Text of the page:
What is this mysteriously named piece of canal and narrowboat equipment?
Well, simply put a calorifier
is a marine water heater.
Usually cylindrical in shape, calorifier
s are a useful way of recovering waste heat and transferring it into domestic water systems. Waste heat comes from the heated coolant in the engine cooling system. The calorifier
is plumbed into the engine coolant recirculation system and uses a series of coils inside the tank to heat a body of water contained in the main shell of the tank.
This is very much like your standard central heating copper immersion heater in the airing cupboard. Remember them!
Like the domestic cousin, the marine calorifier
can also have a 230VAC immersion element as a back up and can be linked in to most marine central heating systems such as gas fired, forced air combustion and even the back boiler on a multi-fuel stove to make use of the excess energy these systems produce.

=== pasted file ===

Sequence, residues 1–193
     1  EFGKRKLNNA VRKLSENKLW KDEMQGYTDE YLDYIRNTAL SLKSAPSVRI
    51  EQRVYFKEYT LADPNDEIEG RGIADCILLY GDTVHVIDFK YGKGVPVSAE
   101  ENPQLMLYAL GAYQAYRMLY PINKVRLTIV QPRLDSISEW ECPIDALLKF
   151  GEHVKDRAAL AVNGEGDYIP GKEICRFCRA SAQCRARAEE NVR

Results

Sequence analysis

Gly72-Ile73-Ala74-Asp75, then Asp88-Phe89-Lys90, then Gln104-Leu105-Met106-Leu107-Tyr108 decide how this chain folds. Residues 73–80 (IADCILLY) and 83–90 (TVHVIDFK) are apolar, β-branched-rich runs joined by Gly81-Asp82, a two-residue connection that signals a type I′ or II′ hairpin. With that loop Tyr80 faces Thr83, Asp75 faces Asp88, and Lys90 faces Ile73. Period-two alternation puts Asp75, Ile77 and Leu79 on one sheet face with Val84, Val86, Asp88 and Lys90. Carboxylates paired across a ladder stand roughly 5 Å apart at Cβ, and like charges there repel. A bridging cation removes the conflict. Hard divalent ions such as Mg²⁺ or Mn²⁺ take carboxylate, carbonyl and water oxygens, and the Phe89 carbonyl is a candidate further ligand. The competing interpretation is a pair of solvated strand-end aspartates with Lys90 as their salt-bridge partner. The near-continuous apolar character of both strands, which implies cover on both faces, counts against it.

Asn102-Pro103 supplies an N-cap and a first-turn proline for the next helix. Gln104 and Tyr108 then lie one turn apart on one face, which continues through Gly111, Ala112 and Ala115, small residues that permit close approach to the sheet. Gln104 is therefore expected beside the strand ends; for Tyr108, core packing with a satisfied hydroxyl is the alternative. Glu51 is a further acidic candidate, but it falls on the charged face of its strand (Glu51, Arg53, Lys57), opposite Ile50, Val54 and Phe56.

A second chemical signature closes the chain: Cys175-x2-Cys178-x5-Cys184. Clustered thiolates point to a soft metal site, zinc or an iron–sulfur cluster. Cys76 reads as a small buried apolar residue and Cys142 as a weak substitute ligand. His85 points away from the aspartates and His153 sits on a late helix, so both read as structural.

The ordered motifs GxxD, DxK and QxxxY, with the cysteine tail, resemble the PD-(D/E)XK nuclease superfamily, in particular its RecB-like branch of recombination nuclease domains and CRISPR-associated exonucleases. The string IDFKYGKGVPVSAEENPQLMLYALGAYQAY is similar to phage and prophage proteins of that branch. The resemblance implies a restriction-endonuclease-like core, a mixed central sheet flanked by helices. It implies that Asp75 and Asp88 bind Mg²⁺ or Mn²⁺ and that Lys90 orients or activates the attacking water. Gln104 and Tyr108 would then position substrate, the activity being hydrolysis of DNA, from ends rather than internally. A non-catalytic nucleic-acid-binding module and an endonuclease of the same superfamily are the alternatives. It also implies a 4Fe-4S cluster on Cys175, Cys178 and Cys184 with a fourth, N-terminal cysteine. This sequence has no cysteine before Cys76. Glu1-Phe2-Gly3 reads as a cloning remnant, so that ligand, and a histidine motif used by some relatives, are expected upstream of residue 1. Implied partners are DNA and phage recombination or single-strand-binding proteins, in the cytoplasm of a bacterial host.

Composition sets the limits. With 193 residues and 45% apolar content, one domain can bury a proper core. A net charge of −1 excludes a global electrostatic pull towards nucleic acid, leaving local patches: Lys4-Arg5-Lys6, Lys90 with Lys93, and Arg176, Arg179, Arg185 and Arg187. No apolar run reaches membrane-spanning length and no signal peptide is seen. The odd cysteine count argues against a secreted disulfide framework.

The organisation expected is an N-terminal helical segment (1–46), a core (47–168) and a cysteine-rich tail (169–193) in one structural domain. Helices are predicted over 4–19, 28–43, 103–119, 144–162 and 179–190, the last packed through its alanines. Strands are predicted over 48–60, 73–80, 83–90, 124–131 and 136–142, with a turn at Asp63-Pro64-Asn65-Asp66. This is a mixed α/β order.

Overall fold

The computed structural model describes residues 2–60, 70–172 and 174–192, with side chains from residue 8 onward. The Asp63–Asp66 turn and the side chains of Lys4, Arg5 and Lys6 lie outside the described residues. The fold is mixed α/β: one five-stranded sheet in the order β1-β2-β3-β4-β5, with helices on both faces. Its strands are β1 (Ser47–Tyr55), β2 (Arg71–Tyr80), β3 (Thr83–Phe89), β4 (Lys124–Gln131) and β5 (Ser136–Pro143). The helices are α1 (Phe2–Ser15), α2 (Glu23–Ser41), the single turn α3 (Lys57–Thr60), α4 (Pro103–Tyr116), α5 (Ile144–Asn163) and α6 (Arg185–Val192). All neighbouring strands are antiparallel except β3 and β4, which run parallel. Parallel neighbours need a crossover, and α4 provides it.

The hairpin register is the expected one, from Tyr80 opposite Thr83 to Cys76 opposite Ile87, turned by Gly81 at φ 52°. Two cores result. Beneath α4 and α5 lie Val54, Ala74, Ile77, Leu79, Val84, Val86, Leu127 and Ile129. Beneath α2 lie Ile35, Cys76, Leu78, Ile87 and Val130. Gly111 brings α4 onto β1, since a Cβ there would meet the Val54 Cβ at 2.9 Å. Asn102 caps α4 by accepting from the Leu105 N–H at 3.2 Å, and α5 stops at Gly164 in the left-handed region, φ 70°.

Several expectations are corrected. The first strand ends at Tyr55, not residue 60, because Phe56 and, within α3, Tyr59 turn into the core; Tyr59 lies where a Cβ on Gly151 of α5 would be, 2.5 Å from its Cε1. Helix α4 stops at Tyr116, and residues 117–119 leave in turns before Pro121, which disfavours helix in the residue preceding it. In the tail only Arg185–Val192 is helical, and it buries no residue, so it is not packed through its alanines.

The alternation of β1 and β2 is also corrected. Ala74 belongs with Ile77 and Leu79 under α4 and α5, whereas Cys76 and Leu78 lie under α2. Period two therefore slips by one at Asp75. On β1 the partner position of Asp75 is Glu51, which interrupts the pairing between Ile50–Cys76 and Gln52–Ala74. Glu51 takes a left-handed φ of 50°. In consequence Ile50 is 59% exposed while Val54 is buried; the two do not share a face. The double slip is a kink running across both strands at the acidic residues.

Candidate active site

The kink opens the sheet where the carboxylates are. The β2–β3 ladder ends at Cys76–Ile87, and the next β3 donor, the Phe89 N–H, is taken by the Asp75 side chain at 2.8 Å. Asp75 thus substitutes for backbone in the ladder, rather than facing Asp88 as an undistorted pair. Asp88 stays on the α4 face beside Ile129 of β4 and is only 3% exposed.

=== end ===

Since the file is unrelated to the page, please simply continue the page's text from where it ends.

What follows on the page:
Commonly installed in the engine room, calorifier
s come in a range of shapes and sizes, vertical or horizontal. Location becomes only a matter of efficiently connecting it to services.
Sizes range from 20 litres up to a whopping 120 litres and often two calorifier
s can be linked in tandem to straddle the swim if required. The only restrictions in size and location being the power of the available energy to heat the water and the availability of water itself.
When sizing your calorifier
, you need to ensure you have an adequate electrical supply. Most calorifier
s will come with a pre-installed 1kW immersion heater. Check our batteries & electrical information chapters for advise on battery and inverter sizing and the correct wiring specification. Refer, as always, to the manufacturers instructions at all times when installing calorifier
One thing worthy of note. Most calorifier
s have copper internal coils for a balance of efficiency and cost.
If you have a central heating with an aluminium heat exchanger or if there is aluminium any where in the system, you will need a calorifier
with stainless coils.
It’s that old favourite, galvanic corrosion and the interaction between two different metals in water. This will cause internal corrosion of the system unless all metal system components are matched in accordance with the manufacturers installation instructions.